All types of air conditioners, from window units to central forced air systems, operate in the same way. As a result, they can suffer from similar issues. One of the most common and serious issues that can affect your air conditioner is freezing, in which condensation and water vapor form ice on your unit and impede its function. Understanding some of the most common reasons why your air conditioner may be freezing up can help you identify the underlying problem and have it fixed as quickly as possible.
One of the more common reasons why your air conditioner may have frozen is because of a refrigerant leak. Refrigerant leaks can occur because of rust developing on your air conditioner or physical damage breaking one of the lines that ensures the proper flow of refrigerant to your unit. As the refrigerant leaks out, it will chill and freeze ambient humidity in the area around your air conditioner. Once all of the refrigerant has leaked, however, your air conditioner will be completely unable to generate cool air and will simply act as a fan.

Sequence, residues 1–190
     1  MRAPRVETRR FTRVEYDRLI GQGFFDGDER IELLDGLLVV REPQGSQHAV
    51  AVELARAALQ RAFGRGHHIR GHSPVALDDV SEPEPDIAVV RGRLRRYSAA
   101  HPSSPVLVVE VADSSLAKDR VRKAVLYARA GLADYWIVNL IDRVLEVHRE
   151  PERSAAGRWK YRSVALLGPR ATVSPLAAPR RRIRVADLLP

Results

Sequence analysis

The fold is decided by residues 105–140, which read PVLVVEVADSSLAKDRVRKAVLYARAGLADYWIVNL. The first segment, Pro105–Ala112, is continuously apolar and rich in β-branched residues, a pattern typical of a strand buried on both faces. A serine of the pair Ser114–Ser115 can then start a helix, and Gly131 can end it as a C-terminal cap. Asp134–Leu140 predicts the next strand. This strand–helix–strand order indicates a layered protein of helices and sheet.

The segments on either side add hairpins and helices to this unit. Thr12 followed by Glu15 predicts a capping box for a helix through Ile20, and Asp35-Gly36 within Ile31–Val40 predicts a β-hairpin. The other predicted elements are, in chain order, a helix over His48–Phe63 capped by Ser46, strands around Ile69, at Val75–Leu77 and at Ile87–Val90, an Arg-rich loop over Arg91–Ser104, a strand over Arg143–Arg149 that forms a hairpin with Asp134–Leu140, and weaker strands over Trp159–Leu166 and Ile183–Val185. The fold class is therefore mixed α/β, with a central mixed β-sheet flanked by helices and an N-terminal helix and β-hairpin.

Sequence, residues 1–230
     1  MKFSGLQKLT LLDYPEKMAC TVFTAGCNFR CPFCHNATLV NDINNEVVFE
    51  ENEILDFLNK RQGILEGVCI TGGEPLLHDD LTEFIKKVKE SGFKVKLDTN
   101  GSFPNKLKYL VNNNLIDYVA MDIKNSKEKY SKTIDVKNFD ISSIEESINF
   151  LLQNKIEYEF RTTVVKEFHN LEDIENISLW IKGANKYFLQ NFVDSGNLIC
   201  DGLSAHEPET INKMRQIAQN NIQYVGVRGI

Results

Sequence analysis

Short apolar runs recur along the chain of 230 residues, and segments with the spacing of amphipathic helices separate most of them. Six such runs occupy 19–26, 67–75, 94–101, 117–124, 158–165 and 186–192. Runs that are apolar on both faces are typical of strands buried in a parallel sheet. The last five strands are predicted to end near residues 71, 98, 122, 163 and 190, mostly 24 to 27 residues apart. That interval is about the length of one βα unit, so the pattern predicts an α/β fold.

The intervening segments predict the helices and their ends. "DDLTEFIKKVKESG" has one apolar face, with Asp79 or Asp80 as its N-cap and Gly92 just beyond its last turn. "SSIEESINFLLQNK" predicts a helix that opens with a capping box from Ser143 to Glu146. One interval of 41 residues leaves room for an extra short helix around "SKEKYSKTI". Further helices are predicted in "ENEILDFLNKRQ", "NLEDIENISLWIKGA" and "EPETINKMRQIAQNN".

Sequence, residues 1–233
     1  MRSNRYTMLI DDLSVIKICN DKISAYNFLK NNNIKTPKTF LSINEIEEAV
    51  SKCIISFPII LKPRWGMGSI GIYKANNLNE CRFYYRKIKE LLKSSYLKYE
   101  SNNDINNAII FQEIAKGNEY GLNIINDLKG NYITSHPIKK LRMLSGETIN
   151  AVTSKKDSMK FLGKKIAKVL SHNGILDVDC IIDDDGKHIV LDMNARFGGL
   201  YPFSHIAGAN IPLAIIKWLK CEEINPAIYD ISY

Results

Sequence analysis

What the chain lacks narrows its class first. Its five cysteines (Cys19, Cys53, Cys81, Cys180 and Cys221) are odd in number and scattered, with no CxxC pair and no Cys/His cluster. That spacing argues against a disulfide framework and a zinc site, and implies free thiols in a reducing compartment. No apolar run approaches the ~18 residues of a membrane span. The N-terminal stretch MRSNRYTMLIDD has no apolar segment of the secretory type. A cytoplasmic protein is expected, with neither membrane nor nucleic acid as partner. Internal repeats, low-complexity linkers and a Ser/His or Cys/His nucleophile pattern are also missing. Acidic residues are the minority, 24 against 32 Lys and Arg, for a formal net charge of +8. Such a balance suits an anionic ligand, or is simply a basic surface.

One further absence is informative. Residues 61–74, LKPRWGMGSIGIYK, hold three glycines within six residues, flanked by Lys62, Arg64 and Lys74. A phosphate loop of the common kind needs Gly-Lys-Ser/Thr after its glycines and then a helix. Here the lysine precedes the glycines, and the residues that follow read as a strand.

Another reason why your air conditioner may be freezing itself despite working normally otherwise is a problem with your thermostat's settings. An air conditioner that runs for too long because it is set to the wrong temperature or fan setting – or if the thermostat is malfunctioning and not working properly – can freeze rapidly. Try raising the temperature or manually turning the fan on and off instead of leaving it on auto to prevent the unit from working for too long; if freezing issues continue, get in touch with a contractor to inspect the thermostat.
An additional reason why your air conditioner may freeze is that the fan and blower system within the unit has stopped working properly. This can happen when the motor burns out or if the fan becomes physically damaged and no longer operates properly. In both of these cases, you will notice poor or no airflow from your air conditioner. Freezing will occur because the unit will continue to generate cold air, but that cold air will not be able to circulate and will concentrate around the unit. A professional inspection is necessary to determine the best course of action moving forward; sometimes, replacing the fan is possible, but if the damage is extensive and the motor is burned out, it may be cheaper to replace the entire unit.
For more information, get in touch with an air conditioner service company.